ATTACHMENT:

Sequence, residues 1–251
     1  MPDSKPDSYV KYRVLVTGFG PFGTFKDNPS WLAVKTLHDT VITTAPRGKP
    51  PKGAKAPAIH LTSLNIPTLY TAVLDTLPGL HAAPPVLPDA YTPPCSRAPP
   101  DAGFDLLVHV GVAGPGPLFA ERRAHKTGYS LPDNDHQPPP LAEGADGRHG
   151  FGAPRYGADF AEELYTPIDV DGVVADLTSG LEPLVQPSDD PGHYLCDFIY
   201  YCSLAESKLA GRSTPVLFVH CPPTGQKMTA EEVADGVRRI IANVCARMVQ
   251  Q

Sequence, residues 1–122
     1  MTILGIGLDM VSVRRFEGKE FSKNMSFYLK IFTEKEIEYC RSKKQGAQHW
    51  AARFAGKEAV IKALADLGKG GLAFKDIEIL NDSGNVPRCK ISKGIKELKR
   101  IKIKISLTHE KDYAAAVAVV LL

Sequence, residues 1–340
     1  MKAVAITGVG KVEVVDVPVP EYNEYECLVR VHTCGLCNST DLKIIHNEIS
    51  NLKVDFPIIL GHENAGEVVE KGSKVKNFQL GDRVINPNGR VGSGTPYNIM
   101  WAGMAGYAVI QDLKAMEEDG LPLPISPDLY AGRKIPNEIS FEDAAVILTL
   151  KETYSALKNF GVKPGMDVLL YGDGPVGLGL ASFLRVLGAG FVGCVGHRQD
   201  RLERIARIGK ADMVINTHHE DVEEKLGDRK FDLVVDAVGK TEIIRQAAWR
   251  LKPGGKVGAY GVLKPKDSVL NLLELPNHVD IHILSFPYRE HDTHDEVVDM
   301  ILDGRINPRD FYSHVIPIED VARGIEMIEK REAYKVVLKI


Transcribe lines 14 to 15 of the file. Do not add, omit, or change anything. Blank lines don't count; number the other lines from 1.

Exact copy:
    51  NLKVDFPIIL GHENAGEVVE KGSKVKNFQL GDRVINPNGR VGSGTPYNIM
   101  WAGMAGYAVI QDLKAMEEDG LPLPISPDLY AGRKIPNEIS FEDAAVILTL